House music has grown wide and tall in the three decades since it first took root in the after-hours clubs of Chicago. These days it is a global phenomenon with its own industry and countless distinct sub-cultures, sounds, and social movements branching off from the source. It's so big that when one person says they're "into house music," you can't exactly be sure what they're referring to—is it the slick, hypnotic house of Ibiza? The piano-heavy diva house of ’90s New York? The more restrained minimal house you're likely to hear in Berlin?

Even at the turn of the ’90s—only five or six years after the term "house music" had been uttered for the first time—the movement had reached the far corners of Europe and the Americas. The Brits in particular ran with the new records from Chicago, Detroit, and New York and added their own experimental edge to the mix, giving birth to the beginnings of rave culture. In the U.S., house music had already climbed the pop charts by the late ’80s, and underground producers were signing major label contracts. There were formidable domestic movements in Belgium, France, Italy, Japan, and South Africa, each with their own sound and style.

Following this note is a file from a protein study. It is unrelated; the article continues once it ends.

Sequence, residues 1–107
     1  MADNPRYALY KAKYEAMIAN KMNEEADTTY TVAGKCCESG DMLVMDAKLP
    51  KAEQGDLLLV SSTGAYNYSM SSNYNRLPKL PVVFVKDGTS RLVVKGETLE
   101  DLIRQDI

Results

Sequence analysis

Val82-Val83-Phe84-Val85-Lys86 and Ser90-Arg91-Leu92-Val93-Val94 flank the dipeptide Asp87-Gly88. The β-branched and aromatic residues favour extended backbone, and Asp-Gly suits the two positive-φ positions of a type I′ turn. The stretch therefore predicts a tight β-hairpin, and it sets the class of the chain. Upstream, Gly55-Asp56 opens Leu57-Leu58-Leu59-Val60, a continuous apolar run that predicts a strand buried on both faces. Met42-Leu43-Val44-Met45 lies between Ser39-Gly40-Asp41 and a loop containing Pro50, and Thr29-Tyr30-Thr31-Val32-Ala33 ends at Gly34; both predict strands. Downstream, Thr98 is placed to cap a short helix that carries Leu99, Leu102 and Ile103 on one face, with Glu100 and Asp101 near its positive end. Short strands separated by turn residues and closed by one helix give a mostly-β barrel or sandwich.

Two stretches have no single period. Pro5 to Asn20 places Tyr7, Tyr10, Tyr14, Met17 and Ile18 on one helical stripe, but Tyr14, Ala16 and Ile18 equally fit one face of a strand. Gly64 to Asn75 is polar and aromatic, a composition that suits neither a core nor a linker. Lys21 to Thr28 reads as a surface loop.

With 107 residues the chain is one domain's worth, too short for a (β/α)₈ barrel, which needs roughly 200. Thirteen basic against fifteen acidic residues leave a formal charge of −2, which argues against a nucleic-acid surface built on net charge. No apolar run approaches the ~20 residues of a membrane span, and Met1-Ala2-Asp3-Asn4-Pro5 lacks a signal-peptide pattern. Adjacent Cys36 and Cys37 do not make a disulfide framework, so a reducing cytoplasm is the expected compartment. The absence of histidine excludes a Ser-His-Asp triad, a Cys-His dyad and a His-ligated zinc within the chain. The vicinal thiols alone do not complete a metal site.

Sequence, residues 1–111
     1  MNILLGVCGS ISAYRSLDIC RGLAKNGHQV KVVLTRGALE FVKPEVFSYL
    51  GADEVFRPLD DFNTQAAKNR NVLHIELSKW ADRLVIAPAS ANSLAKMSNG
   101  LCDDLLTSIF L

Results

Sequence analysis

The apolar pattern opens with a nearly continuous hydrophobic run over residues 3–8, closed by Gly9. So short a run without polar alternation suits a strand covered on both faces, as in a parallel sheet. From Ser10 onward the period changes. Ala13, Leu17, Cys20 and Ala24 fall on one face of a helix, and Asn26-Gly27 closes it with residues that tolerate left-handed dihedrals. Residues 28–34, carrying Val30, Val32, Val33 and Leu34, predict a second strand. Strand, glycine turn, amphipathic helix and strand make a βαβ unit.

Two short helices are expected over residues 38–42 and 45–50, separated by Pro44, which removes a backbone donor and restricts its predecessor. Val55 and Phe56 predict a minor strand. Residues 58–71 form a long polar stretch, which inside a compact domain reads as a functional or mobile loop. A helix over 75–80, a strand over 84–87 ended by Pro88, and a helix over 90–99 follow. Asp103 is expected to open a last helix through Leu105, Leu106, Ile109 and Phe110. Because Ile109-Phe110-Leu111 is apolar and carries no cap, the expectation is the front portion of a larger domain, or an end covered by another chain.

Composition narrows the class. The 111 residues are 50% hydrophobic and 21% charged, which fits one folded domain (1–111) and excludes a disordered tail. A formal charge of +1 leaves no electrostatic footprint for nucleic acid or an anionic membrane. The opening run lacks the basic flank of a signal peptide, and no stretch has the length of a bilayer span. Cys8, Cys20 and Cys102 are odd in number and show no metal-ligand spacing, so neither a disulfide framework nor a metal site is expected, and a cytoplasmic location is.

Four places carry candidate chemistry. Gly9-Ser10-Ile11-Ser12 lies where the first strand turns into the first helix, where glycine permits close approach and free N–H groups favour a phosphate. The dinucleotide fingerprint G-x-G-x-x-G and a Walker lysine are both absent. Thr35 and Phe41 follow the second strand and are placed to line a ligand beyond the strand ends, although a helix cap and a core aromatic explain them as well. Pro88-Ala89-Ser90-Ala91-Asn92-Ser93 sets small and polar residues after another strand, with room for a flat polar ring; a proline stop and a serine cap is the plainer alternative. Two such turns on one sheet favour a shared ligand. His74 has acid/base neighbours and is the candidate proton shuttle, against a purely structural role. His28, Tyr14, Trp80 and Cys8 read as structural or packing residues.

And while the decade's great producers are known more for successful club singles and mixtapes than for their long-players, a few memorable albums emerged from those early years. Below you can dig into a wide-reaching selection of LPs that illustrate the many forms that house music took as it began to mature into the music we know today.